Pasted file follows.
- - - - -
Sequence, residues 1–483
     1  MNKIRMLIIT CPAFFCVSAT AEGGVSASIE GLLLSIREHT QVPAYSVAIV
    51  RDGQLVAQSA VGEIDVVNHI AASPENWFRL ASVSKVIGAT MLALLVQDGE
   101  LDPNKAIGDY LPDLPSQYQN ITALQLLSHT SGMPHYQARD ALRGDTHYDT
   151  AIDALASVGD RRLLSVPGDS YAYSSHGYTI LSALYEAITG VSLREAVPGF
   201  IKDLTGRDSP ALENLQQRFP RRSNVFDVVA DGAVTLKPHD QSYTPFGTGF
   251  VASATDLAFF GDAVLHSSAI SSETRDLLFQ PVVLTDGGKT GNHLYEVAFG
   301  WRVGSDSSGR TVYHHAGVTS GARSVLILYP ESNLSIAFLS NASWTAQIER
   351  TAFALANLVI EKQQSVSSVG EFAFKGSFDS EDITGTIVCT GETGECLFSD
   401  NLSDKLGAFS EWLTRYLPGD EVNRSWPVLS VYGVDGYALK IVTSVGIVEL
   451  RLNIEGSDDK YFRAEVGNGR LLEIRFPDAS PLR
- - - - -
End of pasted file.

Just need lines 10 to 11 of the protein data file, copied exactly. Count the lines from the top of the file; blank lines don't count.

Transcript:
   401  NLSDKLGAFS EWLTRYLPGD EVNRSWPVLS VYGVDGYALK IVTSVGIVEL
   451  RLNIEGSDDK YFRAEVGNGR LLEIRFPDAS PLR